At the same time, our government has deported 2.5 million immigrants in the last several years. Our immigration system is outdated and there is no way for the 11 million undocumented people living the U.S. to adjust their citizenship status. This has lead to an unprecedented number of separated families and a sense of terror and fear among immigrant communities.

The most common excuse to discriminate against those who are undocumented is that they're here "illegally." However, when the motivation to migrate is to feed their family or escape violence, should the framework of legality be the metric for what's moral and ethical? Jesus upset authorities by healing on the Sabbath, just as Paul was thrown out of the city for professing beliefs authorities claimed went against their laws.

We come from a faith tradition that was once the minority, placed on the margins, and our leaders were beaten and imprisoned for professing belief in Christ's teachings. The Holy Family was a refugee family fleeing the political persecution of Herod. Israelites were treated as outcasts and slaves in the land of Egypt, and the Hebrew Bible reminds us again and again, "Any immigrant who lives with you must be treated as if they were one of your citizens. You must love them as yourself, because you were immigrants in the land of Egypt; I am the LORD your God" (Leviticus 19:34).

Often, once we attain a certain level of comfort, or wealth, we can forget our own history. Lydia, who built a successful business, reminds us that we are called to be a hospitable people and to offer what we have. At a time when Paul might have lost faith in his mission after rejection, Lydia and her followers gave him hope to carry on.

This small faith community of women were themselves living on the margins of Phrygia within occupied territory. The patterns of patriarchy that exist within the Christian institution unfortunately leave out the women leaders of the early Christian movement, but Lydia, who is known as the first convert in Europe, represents the strength of women faith leaders' capacity for spiritual transformation and hospitality to help a larger movement. Lydia reminds us that we must re-center our theology to the space of the margins, the space where God manifests transformation and liberation.

Some UCC congregations have fallen into the comfort of the status quo and have lost the vision to welcome new people and they have lost their capacity to challenge authority. Part of congregational revitalization, vitality and growth is the willingness to provide hospitality, to offer a prophetic voice, and to speak truth to power.

As faith communities we cannot stand by idle: we have a moral responsibility to act and to show an extravagant welcome to refugees and immigrants through our ministries. The Sanctuary Movement is one example where congregations are willing to take a prophetic step. Shadow Rock UCC in Phoenix and University Church in Chicago (DOC/ UCC) are two congregations that have offered Sanctuary to immigrants willing to take the courageous step to fight their deportation order.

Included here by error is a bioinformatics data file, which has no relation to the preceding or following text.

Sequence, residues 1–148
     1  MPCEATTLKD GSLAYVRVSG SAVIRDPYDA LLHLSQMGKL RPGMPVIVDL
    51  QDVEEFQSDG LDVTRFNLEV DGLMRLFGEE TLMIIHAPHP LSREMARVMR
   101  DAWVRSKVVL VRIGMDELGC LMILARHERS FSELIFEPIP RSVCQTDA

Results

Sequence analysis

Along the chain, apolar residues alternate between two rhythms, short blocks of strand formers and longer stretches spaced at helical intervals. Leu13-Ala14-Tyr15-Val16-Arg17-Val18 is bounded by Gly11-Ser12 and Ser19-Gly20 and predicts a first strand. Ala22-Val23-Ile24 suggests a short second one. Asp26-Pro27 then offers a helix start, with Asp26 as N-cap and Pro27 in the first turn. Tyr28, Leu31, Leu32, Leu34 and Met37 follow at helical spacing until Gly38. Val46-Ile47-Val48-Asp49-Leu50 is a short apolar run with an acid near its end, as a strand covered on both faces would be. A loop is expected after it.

"Abandoning my children is not a choice I can make. I live for them, and I will fight to stay with them," says Jose Juan Frederico Moreno, who took sanctuary at University Church in Chicago in order to fight his deportation order and stay with his family.

Rev. Julian DeShazier responded, "When Jose Juan was placed in deportation proceedings and ordered to leave the country and his family by the Immigration and Customs Enforcement (ICE) Chicago Field Office, my church took emergency moral action and welcomed him into Sanctuary. Jose Juan has called Illinois home for almost half of his life. His US citizen children – ages 2, 5, 9,12,  and 14 – have never known any other home. Our faith compels us to respond to injustice, to welcome the stranger, to promote families staying together."

These UCC churches have made a decision to offer a prophetic and moral platform to welcome the sojourner and create space for those on the margins to tell their story. They are joined by at least 50 congregations willing to offer Sanctuary and another 350 congregations that support the Sanctuary Movement from all different faith traditions.

Your congregation can join this movement through supporting or offering Sanctuary (http://sanctuarynotdeportation.org/), or through becoming an Immigrant Welcoming congregation, a model of covenant and commitment promoted by the UCC National Collaborative on Immigration.

Together we can strengthen our congregations and grow the movement for social justice by offering a prophetic voice to welcome immigrants, refugees and all people, no matter who they are, or where they are on life’s journey. By creating space to listen to those who are traditionally marginalized, we can be part of creating a theology from the margins. Through this type of transformational hospitality our congregations can thrive and re-vitalize as we work to build welcoming communities.

*If your congregation would like to get more involved on immigrants' rights advocacy and organizing efforts please contact Rev. Noel Andersen - mailto:nandersen@cwsglobal.org.

The Rev. Noel Andersen serves as UCC & CWS Grassroots Coordinator for Immigrants' Rights in Washington, D.C.

Need more inspiration? Check out this sermon by Rev. Michael Mulberry, "God Does Not Create Illegitimate or Illegal."

WHEN
May 01, 2016 at 8am - May 02, 2016
WHERE
Everywhere
CONTACT
Rev. Noel Andersen ·